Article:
‘Lads, you’re wanted, go and help,’
On the railway carriage wall
Stuck the poster, and I thought
Of the hands that penned the call.
Fat civilians wishing they
‘Could go and fight the Hun’.
Can’t you see them thanking God
That they’re over forty-one?
Girls with feathers, vulgar songs –
Washy verse on England’s need –
God – and don’t we damned well know
How the message ought to read.
‘Lads, you’re wanted! Over there,
Shiver in the morning dew,
More poor devils like yourselves
Waiting to be killed by you.
Go and help to swell the names
In the casualty lists.
Help to make the column’s stuff
For the blasted journalists.
Help to keep them nice and safe
From the wicked German foe.
Don’t let him come over here!
Lads, you’re wanted – out you go.’
There’s a better word than that,
Lads, and can’t you hear it come
From a million men that call
You to share their martyrdom?
Leave the harlots still to sing
Comic songs about the Hun,
Leave the fat old men to say
Now we’ve got them on the run.
Better twenty honest years
Than their dull three score and ten.
Lads you’re wanted. Come and learn
To live and die with honest men.
You shall learn what men can do
If you will but pay the price,
Learn the gaiety and strength
In the gallant sacrifice.
Take your risk of life and death
Underneath the open sky.
Live clean or go out quick –
Lads, you’re wanted. Come and die.
• Propaganda – information spread to promote a cause. In World War I, this included posters and speeches made to convince people that the war was right and young men should join the armed forces. Many poems written in the later stages of the war attacked the propaganda of the early war, seeing it as lies that had helped to kill many thousands of men.
• Civilian – someone who doesn’t fight in a war/ is not a member of the armed forces. In war poetry, especially that written by soldiers, these people are seen as quite clueless.
• Comradeship – company and friendship of others. Particularly that between those going through hard times, such as in the trenches.
What is the poem about?
The poem is an attack on the people at home who convince and force the young men out to war without being aware of the realities. The poet particularly picks out the “fat civilians”, “girls with feathers” and “blasted journalists as being to blame for sending the men out to be killed. The poem is very bitter and satirical. It is written in the first person, suggesting a personal response to the matter. It parodies and mocks the propaganda posters of the time (“’Lads, you’re wanted, go and help’”). The second half of the poem (last 5 stanzas) suggests that war does have some positives – the men who go and fight will learn from the experience “To live and die with honest men” which clearly contrasts with the earlier attacks on the people who stay at home and don’t fight.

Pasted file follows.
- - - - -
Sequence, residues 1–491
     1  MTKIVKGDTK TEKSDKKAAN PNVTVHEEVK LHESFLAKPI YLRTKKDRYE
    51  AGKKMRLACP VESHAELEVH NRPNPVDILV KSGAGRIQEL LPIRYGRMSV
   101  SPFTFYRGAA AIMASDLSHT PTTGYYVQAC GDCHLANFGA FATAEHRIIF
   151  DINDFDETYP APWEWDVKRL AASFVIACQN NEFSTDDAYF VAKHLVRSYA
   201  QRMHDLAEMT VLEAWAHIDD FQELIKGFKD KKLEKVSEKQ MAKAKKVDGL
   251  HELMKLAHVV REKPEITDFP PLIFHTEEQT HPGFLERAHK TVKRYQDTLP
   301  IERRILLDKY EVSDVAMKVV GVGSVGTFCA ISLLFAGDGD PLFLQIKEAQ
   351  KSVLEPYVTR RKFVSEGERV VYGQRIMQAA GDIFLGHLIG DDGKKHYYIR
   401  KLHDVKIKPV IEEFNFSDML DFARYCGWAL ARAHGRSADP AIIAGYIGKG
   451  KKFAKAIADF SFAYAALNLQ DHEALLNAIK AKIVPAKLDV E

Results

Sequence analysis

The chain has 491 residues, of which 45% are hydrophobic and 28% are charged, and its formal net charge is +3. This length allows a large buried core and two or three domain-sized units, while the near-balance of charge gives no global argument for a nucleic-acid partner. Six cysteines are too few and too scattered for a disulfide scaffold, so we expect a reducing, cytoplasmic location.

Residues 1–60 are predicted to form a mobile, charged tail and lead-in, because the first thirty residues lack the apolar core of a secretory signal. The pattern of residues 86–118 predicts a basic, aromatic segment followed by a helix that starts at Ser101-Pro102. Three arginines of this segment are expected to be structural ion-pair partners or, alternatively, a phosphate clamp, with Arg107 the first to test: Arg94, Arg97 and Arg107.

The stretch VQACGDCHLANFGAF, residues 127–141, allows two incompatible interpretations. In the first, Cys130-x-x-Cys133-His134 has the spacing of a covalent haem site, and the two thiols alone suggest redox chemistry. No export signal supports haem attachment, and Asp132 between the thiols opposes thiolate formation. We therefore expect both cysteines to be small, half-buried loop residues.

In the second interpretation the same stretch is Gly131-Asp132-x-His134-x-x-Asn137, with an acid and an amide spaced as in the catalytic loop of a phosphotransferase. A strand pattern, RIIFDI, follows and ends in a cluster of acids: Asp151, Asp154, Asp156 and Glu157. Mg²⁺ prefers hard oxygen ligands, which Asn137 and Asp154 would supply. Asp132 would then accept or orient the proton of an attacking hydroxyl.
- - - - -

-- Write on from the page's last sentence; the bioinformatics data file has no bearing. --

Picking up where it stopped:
• Regular rhythm and rhyme – why do you think this is? Why is it so tightly structured? – it makes it more convincing and quite persuasive (like the propaganda the poem is criticising)
• Ballad style (a poem which tells a story, usually sentimental)
• The songs used in music halls at the time, convincing the men to enlist were usually ballads.
• Why use this style? – the poet is parodying the methods used to convince the men to go and fight.
Think about these words – what do they suggest and emphasise?
“Lads, you’re wanted” – youth, their naivety and innocence – are there any other words in the poem which suggest this?
“Fat civilians” – direct attack on those who don’t fight
“Shiver in the morning dew” – the reality of the conditions at war and in the trenches
“More poor devils, like yourselves” – shows that the people they are fighting are not any different from them, hinting at the pointlessness of the war.
“Go and help to swell the names” – emphasises the great loss of life.
“the blasted journalists” – direct attack on the journalists who continue to tell lies and convince the men they should go
“Help to keep them nice and safe” – contrasting with the danger the men will face in order to protect the “blasted journalists”
“wicked German foe” – the traditional view of the enemy in the propaganda, but in this instance quite a satirical statement – as we know that the German soldiers are no different from the British soldiers.
“out you go” – sounds like they want rid of them, forcing them out of the country
“Come and learn” – sounds much more welcoming and suggests the educational value of the war
The changing tone
• Tone = the poem’s overall feeling and/or attitude
• The first six stanzas – how would you describe the poet’s feelings and attitude here? – very bitter and satirical, attacks on people at home – what words suggest this?
• The last 5 stanzas – what does the poet believe you can gain from war? – “strength”, “gaiety”, an education in how to be “honest” and heroic
· A caesura is a break in the middle of a line of poetry – e.g. A full stop or pause in the middle of a line.
“Lads, you’re wanted. Come and die.”
Why does the poet break this line up? What is the effect on the reader? – makes you pause and think, isolating the final sentence which is a big twist on the earlier propaganda statements. It’s the reality of the war – that is what will almost certainly happen to them – much more honest than the earlier ideas.
Where else does he does this in the poem? To what effect? – Look at line 35.
• Regular rhyme and rhythm
• Reveals the reality behind the propaganda
• Is an attack on those in charge of the war and those profiting from it (journalists)
• Is not entirely anti-war – there is still a belief that war can be a positive experience for those who are honest and fight for their country.